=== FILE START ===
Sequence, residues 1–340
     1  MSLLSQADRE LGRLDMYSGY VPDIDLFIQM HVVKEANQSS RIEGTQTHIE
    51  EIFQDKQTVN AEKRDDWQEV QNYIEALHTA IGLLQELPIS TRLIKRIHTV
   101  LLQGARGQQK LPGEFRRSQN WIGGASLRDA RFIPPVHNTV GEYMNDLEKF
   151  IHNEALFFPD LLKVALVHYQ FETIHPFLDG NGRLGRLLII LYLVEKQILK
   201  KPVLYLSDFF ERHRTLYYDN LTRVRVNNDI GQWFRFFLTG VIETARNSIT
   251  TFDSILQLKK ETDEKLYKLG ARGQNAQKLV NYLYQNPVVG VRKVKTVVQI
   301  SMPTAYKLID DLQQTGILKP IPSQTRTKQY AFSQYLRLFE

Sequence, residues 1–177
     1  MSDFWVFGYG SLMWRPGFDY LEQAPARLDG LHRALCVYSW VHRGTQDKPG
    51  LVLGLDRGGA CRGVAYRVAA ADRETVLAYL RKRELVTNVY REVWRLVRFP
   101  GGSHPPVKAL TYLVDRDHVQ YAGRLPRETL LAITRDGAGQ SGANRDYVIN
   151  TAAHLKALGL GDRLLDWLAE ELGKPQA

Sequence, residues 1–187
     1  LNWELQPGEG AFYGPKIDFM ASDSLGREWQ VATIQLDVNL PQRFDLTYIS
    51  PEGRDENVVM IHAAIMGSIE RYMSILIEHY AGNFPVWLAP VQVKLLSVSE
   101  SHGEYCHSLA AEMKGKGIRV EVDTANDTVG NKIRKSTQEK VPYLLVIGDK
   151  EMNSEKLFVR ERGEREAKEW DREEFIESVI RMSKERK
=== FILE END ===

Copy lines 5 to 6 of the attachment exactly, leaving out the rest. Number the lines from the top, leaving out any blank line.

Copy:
   151  IHNEALFFPD LLKVALVHYQ FETIHPFLDG NGRLGRLLII LYLVEKQILK
   201  KPVLYLSDFF ERHRTLYYDN LTRVRVNNDI GQWFRFFLTG VIETARNSIT